The dark (i.e., settler-colonial) side of community planning: Lyana Marie Patrick, From ceremony up: Indigenous community planning as a resurgent practice on contested lands in British Columbia, PhD dissertation, University of British Columbia, 2019

06Sep19

Abstract: From its 19th century origins, the modern western idealization of community planning has been about social justice, including the health and well-being of people and their environment, from the “garden cities” of the late 19th century to today’s healthy built environment work. But there has always been a dark side to this ideal. In North America, sociolegal frameworks were developed that deployed the language of “health” and “hygiene” to exclude specific groups of people from cities and towns. Indigenous peoples whose ancestral lands were adjacent to towns and cities were dispossessed of their territories and became the target of colonial bylaws that sought to criminalize their presence in urbanizing areas.

Bringing together the fields of public health, planning and Indigenous studies, my research sought to understand how Indigenous experiences of health in urban areas have been discursively framed by colonization and continually impacted through settler colonialism. This case study explored how urban Indigenous community planning might be conceptualized at the nexus of health and justice in the work of one urban Indigenous organization, the Native Courtworker and Counselling Association of BC (NCCABC). Through an examination of the dayto-day labours of frontline workers, I answered my primary research question: In what ways do the resurgent practices of NCCABC relate to the emerging theory and practice of Indigenous community planning? Information was gathered through immersive participation, interviews, a talking circle, and document analysis in four primary sites of study: NCCABC Health Services in downtown Vancouver, NCCABC Prince George office, and First Nations Courts in New Westminster and North Vancouver.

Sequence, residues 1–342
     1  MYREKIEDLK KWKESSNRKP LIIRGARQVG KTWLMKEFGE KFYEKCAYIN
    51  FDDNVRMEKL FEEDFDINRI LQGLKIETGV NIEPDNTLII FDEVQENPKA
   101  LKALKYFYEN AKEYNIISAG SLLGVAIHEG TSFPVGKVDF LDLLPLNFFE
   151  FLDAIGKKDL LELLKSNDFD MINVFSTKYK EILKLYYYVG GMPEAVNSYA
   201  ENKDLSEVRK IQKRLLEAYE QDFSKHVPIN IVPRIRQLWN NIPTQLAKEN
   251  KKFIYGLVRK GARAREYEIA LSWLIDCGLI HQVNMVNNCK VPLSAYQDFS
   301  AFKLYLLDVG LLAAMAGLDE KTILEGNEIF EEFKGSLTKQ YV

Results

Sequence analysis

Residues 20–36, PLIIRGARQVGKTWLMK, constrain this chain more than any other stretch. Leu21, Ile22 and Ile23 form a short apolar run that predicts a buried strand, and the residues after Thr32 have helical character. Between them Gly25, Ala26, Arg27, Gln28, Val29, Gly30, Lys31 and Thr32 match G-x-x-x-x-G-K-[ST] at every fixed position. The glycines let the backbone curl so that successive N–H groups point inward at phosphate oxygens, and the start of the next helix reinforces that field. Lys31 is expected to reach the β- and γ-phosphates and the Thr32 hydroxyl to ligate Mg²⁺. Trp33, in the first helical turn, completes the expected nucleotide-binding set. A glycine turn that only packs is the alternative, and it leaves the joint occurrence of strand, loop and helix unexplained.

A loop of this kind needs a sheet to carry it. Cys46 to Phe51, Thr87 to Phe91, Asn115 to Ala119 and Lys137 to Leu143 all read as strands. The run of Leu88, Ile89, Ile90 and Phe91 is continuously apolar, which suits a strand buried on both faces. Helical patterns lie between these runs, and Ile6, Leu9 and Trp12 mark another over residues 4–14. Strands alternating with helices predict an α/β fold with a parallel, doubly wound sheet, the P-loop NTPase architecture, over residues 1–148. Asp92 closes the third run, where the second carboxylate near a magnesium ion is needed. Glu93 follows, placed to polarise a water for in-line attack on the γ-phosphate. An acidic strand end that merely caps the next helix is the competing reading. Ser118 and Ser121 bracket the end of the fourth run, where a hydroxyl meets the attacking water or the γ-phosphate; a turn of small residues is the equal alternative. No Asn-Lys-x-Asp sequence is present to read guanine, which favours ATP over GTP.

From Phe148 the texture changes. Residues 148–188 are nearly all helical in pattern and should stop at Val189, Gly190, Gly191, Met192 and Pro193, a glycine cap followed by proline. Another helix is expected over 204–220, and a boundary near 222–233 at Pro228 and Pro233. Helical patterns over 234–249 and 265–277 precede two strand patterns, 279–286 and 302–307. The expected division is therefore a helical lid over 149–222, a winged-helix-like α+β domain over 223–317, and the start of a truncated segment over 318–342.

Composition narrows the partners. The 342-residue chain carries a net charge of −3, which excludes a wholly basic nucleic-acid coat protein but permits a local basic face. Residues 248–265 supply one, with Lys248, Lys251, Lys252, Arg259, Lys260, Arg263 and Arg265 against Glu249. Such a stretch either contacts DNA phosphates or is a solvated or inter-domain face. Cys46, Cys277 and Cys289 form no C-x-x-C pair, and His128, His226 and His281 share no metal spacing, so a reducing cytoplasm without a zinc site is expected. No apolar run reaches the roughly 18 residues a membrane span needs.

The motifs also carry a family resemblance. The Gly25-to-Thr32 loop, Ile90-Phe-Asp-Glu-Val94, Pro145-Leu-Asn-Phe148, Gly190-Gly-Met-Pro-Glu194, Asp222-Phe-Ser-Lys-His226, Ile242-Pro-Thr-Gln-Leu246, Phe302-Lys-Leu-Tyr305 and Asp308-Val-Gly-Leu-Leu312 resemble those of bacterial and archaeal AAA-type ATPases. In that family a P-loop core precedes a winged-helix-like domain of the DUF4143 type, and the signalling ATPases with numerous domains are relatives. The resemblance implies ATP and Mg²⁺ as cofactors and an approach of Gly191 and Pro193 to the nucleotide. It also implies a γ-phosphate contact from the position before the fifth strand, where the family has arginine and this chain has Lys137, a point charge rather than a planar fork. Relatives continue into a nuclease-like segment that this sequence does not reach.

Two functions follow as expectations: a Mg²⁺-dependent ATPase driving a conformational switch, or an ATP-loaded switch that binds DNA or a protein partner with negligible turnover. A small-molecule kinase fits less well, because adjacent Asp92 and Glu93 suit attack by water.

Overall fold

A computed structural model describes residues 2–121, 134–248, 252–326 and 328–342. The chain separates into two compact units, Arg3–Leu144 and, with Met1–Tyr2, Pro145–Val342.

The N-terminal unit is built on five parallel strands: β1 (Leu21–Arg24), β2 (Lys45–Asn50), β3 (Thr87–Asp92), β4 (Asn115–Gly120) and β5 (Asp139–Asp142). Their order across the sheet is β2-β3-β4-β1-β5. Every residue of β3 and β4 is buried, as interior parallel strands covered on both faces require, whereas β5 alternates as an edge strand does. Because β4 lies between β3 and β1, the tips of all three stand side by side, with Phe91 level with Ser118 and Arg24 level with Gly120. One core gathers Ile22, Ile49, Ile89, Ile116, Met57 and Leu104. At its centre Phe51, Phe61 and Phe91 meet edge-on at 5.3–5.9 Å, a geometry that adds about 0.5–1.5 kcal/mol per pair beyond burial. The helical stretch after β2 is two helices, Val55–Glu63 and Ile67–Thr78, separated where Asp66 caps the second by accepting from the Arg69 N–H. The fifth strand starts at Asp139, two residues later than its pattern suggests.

In spite of immense jurisdictional and administrative challenges that create barriers for urban Indigenous peoples and organizations – and a political landscape that largely denies urban Indigenous claims to sovereignty and self-determination – frontline workers with NCCABC create alternative spaces of belonging through relational practices that emphasize personal accountability, integrity, trust, and the importance of culture and ceremony. These resurgent practices, I argue, inform an Indigenous community planning paradigm shift that challenges colonially imposed categories of being and belonging and creates community for diverse urban Indigenous peoples.



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